I wasn't born yet, but I remember June 6, 1944, which came to be known as 'D-Day'. I didn't arrive into this world until September 9, l944, however throughout my childhood, Uncle Tom, my mother's brother, told plenty of stories of that horrific day. Although he, himself, wasn't on the beaches of Normandy (he was stationed in the Philippines at the time), he knew many of the men who were. And whenever he spoke of his buddies, the ones who lived and the ones who died, his eyes stared into space and tears streamed down his cheeks like he was watching a sad movie that only he could see.
European countries were invaded by the Germans and, being their allies, the United States sent troops to curtail the enemies' advances. In the wee hours on June 6, 1944, thousands of young men jumped into the cold waters off the coast of Normandy, France, with rifles and bayonets raised above their heads, prepared to do battle. Unfortunately these soldiers weren't as prepared as they thought. Even before many of them actually departed their U-boats, they were mortally wounded. Hundreds more were killed on Omaha beach by German artillery without ever reaching the shore.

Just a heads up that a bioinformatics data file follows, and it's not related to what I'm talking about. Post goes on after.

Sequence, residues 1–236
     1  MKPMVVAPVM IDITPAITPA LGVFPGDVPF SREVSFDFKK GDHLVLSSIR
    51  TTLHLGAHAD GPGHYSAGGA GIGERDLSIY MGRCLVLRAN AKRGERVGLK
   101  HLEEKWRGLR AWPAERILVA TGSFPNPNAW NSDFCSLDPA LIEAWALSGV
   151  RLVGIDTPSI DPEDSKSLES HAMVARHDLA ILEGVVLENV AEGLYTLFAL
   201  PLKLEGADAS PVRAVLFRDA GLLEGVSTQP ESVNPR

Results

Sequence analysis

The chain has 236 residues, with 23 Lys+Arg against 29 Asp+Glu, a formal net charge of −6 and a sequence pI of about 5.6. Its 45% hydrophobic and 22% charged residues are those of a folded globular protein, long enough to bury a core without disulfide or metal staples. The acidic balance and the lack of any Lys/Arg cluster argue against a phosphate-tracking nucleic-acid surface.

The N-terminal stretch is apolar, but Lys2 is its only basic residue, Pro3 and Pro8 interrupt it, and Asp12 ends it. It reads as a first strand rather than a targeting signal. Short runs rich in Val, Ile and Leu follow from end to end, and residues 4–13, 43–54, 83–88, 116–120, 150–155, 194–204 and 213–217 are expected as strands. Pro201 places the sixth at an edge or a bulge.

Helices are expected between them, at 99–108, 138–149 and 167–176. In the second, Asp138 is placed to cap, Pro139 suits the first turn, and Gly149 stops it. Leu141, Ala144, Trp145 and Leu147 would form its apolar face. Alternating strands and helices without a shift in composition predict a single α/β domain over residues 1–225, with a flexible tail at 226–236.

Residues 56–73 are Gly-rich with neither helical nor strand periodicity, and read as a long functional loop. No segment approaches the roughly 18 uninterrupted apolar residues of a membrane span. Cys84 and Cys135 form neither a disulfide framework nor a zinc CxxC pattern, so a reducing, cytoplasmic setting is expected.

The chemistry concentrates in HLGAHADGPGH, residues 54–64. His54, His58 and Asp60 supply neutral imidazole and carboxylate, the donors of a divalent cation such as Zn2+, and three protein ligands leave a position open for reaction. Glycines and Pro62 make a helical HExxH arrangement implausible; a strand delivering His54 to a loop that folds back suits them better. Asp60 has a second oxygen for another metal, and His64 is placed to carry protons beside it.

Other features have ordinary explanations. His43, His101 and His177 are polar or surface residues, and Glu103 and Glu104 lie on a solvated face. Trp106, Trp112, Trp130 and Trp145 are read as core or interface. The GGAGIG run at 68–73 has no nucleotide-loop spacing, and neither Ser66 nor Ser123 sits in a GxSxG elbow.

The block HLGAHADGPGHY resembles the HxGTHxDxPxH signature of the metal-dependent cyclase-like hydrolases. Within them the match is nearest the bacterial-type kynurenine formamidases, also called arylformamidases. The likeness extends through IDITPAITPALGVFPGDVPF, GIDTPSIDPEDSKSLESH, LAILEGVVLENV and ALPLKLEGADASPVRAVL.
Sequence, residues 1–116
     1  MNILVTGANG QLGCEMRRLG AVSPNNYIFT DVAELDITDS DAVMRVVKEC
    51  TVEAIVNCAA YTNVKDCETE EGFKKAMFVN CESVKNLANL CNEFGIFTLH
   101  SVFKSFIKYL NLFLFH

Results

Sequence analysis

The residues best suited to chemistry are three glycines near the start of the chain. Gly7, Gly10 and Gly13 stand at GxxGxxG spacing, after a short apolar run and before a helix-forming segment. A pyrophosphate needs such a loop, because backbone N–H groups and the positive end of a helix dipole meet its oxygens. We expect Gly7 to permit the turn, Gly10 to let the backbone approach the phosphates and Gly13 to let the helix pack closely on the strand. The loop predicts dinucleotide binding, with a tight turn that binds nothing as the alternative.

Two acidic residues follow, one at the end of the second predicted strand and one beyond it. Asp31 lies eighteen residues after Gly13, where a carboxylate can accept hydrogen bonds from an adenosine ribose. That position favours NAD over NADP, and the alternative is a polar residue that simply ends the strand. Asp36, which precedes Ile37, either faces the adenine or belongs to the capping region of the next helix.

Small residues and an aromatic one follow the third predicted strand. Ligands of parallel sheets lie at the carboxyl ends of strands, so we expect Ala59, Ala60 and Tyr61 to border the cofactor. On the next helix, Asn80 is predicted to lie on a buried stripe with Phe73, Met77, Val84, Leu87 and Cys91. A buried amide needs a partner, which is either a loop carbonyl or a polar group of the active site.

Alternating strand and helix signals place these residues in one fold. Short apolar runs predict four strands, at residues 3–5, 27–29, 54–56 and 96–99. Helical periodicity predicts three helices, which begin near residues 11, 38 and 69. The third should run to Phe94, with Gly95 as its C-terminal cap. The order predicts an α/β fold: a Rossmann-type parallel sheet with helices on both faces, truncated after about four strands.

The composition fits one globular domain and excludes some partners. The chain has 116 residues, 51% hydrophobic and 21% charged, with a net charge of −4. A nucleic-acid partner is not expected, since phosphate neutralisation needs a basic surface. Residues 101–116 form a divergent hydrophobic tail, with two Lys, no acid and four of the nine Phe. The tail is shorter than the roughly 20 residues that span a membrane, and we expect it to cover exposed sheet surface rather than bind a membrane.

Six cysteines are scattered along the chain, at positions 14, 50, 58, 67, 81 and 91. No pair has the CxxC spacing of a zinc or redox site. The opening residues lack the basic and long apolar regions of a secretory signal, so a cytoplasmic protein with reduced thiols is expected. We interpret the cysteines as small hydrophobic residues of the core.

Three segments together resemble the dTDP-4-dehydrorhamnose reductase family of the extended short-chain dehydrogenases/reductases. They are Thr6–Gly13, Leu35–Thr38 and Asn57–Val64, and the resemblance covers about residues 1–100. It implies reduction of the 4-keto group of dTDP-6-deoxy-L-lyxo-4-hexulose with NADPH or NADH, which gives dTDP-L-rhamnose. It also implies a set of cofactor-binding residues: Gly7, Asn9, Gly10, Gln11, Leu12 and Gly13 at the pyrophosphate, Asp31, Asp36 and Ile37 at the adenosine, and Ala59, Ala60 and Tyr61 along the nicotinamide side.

Perhaps General George Patton, who headed up the Allied Forces, praised these selfless soldiers best when he said, "It is foolish and wrong to mourn the men who died. Rather we should thank God that such men lived." Although their efforts seemed futile in those first few moments, with courage and determination, those who survived continued on to eventually secure the beaches and drive the Germans out of Europe.
I tell you about D-Day because many of you have never heard of it before. This event has been memorialized in history books and cinemas, yet if you ask anybody under the age of forty, they probably would say they have no idea what you're referring to. How sad! In order to not be repeated, the past must be studied, analyzed, and understood. According to Oprah, "when we know better, we do better."
I have six grandsons and one granddaughter. Just thinking about the possibility that any of them would some day lose their lives in a foreign land fighting for a country's freedom brings tears to my eyes. Yet I thank God that these strong-minded youngsters, should they choose to serve in the United States military, would gladly join in the efforts to bring peace to a war-ravaged land.
God bless America! God bless those who have served and who will continue to serve so that freedom will always be ours.
If you don't anything know about D-Day, and don't have an Uncle Tom to tell you stories, make it a point to google it today!